e.     “Genuine areas of value dispute are rare.  To test for value differences, cite the foundational moral rule one culture affirms and the other denies.  True moral conflicts are those that remain when all factual differences are eliminated.”[4]

                                              ii.     Not a moral thesis at all but merely a descriptive analysis

1.     If even descriptive cultural relativism is a fact this does not mean that there is no objective moral framework.

2.     “How does it follow that because each group thinks it is right, therefore no group is correct?  The simple fact of disagreement on morality does not lead to the conclusion that there is no moral truth.  This confuses the epistemological issue (the accurate knowledge of objective values) with the ontological issue (the existence of objective values).”[5]

2.     Conventionalism or normative ethical relativism 

a.     “Society Says Relativism”—this is a prescriptive or normative claim

                                               i.     Goes beyond anthropology and cultural observation

                                              ii.     Prescribes how one should act

b.     “[T]eaches that all people ought to act in keeping with their own society’s code.  What is right for one society isn’t necessarily right for another.  People ought to do whatever their ‘society says’ to do.”[6]

c.      Culture is both the genesis and justification for morality

d.     Problems with conventionalism

                                               i.     No culture = no morality (example: 2 people on island with no culture between them; okay to kill the other)

                                              ii.     This view makes it impossible to criticize another society’s practices no matter how bizarre or morally repugnant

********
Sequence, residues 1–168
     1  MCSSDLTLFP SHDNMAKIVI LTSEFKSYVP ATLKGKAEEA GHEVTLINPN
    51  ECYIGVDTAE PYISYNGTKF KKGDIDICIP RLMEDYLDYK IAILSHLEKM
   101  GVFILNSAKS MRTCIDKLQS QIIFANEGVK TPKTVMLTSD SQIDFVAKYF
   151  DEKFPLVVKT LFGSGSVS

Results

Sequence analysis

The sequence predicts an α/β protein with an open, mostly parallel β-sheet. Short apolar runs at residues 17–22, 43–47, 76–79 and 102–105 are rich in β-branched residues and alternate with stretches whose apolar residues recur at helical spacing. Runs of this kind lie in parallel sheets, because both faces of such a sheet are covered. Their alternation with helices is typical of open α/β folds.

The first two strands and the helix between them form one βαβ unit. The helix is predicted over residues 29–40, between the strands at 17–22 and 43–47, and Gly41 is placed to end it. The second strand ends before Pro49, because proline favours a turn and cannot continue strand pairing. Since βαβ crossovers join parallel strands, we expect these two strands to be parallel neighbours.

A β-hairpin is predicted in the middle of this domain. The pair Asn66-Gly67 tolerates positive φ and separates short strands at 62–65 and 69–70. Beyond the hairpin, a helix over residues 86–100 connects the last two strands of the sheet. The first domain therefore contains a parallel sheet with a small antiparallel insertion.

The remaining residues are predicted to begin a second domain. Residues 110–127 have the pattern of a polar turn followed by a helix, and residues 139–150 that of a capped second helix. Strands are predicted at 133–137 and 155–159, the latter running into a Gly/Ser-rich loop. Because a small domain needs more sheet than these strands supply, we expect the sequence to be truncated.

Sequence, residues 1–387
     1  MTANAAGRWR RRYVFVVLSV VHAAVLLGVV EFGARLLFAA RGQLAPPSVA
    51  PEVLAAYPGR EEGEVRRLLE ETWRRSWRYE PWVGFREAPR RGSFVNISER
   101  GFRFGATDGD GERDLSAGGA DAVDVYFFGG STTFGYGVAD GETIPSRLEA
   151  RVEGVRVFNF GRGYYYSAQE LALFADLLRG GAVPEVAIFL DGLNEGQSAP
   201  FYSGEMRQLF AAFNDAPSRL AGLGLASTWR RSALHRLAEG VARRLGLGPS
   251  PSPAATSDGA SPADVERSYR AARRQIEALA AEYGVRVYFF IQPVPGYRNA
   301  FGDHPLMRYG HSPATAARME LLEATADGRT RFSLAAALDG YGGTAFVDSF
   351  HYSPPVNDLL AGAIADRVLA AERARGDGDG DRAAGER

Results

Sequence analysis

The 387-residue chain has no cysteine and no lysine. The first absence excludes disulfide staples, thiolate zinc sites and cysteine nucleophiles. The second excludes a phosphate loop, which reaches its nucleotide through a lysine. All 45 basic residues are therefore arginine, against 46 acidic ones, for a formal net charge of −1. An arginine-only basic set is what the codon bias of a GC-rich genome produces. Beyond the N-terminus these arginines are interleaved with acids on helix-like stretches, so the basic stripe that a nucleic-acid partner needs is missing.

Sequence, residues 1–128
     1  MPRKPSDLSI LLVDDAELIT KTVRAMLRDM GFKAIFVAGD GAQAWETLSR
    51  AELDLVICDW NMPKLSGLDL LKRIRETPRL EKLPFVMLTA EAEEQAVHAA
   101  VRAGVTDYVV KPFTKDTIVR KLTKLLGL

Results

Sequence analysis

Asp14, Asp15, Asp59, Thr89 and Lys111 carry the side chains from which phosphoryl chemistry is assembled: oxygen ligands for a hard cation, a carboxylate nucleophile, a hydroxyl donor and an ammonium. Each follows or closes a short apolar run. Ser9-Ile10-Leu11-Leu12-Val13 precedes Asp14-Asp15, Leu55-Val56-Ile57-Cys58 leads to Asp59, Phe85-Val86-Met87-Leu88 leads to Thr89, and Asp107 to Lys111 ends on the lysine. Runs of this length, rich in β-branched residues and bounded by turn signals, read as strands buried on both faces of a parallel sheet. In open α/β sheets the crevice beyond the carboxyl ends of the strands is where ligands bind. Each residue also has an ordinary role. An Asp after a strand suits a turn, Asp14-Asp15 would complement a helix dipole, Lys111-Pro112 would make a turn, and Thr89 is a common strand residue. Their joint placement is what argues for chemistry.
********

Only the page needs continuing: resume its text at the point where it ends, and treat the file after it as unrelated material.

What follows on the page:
1.     “If conventionalism is an accurate take on morality, then governmentally sponsored genocide can only be quietly observed, not judged.  It cannot even be opposed, because this view requires not only that outsiders remain morally mute in the face of the Holocaust but also that Germans would have been wrong for resisting.  Instead they would have had a moral obligation to participate in the murder of innocent people.”[7]

                                            iii.     There are no immoral laws as long as the law is generated by the culture

                                            iv.     Morality is thus reduced to mere power—“might makes right”

1.     The prophet Habakkuk speaks of the Chaldeans this way: “Their justice and authority originate with themselves” and “they whose strength is their god.”  Habakkuk 1.7, 11

                                              v.     Reformer’s dilemma: wrong for people to attempt to subvert or overturn the cultures’ values to become more moral

1.     Consider: William Wilberforce, Martin Luther King Jr., White Rose resistance in Nazi Germany

2.     “Moral reformers typically judge society from the inside.  They challenge their culture’s standard of behavior and then campaign for change.  But when morality is defined by the present society’s standard, then challenging the standard would be an act of immorality.  Social reformers would be made moral outcasts precisely because hey oppose the status quo.”[8]